She now works as a remote freelance graphic designer. As a refugee in Pakistan, she is unable to access employment there, and so remote freelancing allows her to utilize her expertise, support causes she’s passionate about, and generate necessary income.
To see more of Mursal’s work or to hire her for your next campaign or project, head to her website here.
Kasha Sequoia Slavner, Filmmaker
Kasha is an award-winning Gen-Z filmmaker, photographer, entrepreneur, young global leader, and climate and peace advocate from Toronto, Canada. At the age of 14, Kasha joined the Canadian Voice of Women for Peace (VOW). As a concerned high school student, disillusioned and outraged by the negativity and powerlessness she felt as a consumer of mainstream media, Kasha was compelled to find an alternative narrative. She founded the Global Sunrise Project, a social impact storyteller hub creating media that inspires people to make positive change and is currently developing a documentary aiming to inspire a unified movement for peace and climate justice called “1.5 Degrees of Peace”.
They are still accepting donations to help make this film a reality! To donate and receive further updates on the film, sign up to their newsletter at 1.5 Degrees of Peace.
Bertha Mukonda, Different Abilities & Youth Mental Health Specialist, VIDEA
As VIDEA’s Different Abilities and Youth Mental Health Specialist, Bertha is passionate about gender equality and creating supportive and inclusive spaces for young people with disabilities. She is always pursuing new opportunities to engage in global issues, whether that be in the classroom as she pursues her Masters in Special Education at the University of Zambia or through her participation in international programmes such as the 2020 Spur Change Youth Champions Program and in the Coady International Institute’s Women’s Leadership in Community Development program – just to name a few. She’s also a very talented singer and spoken word poet.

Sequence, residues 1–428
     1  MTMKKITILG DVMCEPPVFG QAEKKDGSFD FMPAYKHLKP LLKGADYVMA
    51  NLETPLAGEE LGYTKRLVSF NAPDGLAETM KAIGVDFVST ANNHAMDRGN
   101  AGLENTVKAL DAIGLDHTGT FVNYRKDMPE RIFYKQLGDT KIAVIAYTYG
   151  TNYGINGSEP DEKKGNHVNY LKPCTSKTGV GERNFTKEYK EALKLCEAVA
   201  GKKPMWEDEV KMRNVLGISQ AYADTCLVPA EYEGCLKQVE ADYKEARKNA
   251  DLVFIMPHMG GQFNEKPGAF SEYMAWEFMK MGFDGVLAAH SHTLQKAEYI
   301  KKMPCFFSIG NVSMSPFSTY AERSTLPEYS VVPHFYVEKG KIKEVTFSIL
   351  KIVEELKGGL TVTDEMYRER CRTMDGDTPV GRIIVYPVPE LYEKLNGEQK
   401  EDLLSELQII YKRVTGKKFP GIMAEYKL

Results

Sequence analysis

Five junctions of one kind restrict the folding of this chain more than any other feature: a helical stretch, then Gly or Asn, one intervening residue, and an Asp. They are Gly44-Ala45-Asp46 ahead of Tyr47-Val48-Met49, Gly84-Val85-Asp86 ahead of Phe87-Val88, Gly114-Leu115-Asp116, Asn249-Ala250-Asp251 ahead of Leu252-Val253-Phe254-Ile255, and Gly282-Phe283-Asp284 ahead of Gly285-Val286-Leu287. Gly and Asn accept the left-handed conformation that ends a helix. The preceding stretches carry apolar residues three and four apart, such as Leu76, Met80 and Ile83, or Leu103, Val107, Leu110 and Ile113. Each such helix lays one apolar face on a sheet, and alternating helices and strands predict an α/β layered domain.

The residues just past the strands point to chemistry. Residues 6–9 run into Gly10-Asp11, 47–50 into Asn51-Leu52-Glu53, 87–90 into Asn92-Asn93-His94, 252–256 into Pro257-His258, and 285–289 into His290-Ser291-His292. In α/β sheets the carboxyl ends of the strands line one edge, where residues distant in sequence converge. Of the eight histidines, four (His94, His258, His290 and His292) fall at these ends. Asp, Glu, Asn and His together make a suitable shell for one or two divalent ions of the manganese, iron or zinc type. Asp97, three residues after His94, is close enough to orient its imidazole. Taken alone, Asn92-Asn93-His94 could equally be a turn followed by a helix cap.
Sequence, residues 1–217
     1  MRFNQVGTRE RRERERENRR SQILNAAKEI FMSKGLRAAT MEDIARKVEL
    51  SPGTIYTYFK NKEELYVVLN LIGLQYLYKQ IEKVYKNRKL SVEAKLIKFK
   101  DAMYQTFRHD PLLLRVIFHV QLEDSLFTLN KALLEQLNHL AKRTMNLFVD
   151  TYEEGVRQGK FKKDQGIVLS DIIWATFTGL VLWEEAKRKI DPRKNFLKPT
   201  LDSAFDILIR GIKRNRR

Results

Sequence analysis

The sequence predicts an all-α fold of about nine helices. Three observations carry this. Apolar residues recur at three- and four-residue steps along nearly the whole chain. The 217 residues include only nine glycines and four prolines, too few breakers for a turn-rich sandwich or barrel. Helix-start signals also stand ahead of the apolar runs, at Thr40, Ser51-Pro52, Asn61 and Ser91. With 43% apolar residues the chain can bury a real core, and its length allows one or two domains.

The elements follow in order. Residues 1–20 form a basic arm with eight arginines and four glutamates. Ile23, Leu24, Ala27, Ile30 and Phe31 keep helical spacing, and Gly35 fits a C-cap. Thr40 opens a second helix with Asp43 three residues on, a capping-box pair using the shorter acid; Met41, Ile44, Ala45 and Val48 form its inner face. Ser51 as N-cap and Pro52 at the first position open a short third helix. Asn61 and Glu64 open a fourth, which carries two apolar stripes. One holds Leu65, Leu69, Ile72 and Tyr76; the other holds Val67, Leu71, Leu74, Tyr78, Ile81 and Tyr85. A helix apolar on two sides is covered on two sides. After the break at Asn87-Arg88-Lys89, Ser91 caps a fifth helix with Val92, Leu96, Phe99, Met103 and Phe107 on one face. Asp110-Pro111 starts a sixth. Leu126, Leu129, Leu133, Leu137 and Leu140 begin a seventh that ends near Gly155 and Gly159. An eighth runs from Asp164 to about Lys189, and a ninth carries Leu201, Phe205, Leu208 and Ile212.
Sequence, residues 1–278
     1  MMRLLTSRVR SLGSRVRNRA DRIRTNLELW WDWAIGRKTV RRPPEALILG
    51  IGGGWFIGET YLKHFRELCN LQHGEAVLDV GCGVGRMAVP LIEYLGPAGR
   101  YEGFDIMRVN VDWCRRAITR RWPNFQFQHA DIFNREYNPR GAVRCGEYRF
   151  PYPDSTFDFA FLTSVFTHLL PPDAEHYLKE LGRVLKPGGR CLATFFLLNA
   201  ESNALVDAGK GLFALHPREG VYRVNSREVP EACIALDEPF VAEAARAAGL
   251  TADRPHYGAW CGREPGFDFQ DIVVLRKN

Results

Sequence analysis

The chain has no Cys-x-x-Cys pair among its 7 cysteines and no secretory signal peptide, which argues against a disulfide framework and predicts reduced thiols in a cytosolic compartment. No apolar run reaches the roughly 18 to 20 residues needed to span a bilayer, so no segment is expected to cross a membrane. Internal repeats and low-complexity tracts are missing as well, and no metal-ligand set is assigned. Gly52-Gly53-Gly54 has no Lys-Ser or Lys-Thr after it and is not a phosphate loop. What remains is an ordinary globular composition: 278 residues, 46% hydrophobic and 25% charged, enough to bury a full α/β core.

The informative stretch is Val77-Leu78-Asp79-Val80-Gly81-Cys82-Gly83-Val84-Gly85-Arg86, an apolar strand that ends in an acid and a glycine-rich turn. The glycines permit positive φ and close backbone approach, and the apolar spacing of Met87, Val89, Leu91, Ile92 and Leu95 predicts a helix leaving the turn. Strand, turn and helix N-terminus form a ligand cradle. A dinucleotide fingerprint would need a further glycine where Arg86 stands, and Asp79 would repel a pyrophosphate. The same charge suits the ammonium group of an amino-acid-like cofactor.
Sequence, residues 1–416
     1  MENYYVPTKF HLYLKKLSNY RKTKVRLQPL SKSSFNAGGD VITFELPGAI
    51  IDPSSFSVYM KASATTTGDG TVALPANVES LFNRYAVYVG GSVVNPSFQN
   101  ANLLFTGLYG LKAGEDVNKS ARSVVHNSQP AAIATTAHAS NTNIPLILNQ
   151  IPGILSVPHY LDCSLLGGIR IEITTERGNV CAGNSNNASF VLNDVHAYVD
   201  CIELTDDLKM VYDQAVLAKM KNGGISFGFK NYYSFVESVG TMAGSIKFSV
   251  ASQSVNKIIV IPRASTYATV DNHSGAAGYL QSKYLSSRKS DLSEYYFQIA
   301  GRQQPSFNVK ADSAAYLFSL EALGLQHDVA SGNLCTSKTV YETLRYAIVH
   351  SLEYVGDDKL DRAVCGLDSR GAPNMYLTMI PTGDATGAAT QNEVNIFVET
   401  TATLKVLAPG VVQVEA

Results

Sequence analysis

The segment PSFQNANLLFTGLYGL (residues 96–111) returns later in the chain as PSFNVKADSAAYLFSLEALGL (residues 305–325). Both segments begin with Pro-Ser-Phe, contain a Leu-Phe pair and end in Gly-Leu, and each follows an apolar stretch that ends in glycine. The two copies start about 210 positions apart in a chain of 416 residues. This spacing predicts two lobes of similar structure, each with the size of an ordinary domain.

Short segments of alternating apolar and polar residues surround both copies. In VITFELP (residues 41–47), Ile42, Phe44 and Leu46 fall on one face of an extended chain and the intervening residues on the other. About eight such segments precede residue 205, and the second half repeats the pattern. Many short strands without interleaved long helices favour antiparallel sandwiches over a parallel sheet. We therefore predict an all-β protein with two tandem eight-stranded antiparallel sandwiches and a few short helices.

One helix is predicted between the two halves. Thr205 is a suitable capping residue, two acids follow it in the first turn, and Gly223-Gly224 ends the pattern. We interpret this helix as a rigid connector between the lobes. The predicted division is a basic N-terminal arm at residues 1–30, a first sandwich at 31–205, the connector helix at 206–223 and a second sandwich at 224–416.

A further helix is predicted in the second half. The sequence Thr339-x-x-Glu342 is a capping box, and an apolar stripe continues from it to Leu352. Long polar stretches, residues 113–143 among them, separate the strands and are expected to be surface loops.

Bertha was an active participant at the Commission on the Status of Women’s (CSW) 65th and 66th sessions through BCCIC’s delegations. CSW is the principal global intergovernmental body exclusively dedicated to the promotion of gender equality and the empowerment of women.
Often, high level fora such as CSW is exclusive and inaccessible. Through her participation at CSW, Bertha strived to challenge this, and to bring disabilities rights to the forefront of discussions. She created a spoken word poem on women’s empowerment as part of her participation in BCCIC’s delegation and shared her reflections participating in CSW65 here.
As a highly talented singer and spoken word poet, Bertha finds ways to use her talents and gifts to inspire people, educate them, and bring them closer into community. She can often be found singing at VIDEA’s weekly global storytelling events.
Blackout Theater creates socially conscious, contemporary and innovative theatre that supports emerging immigrant and refugee artists, while also exposing current social issues at the local and global level. While their shows were historically produced in Persian, in recent years they have increasingly been expanding on their English productions in order to introduce Persian theatre to broader audiences in BC, bridging divides and engaging a wider public about Persian culture and realities.
They’re a registered non-profit here in BC, and their mission is “to create innovative and original theatre experiences that engage and invite people to think critically about the community and inspire them to dig deeper into themselves.”
Blackout Theater’s annual Strength Through Art Network Diversity (STAND) Festival, taking place in North Vancouver, centres and supports the voices of immigrant and refugee artists and addresses social issues concerning race, class and gender dance, music and theatre performances as well as free knowledge sharing workshops.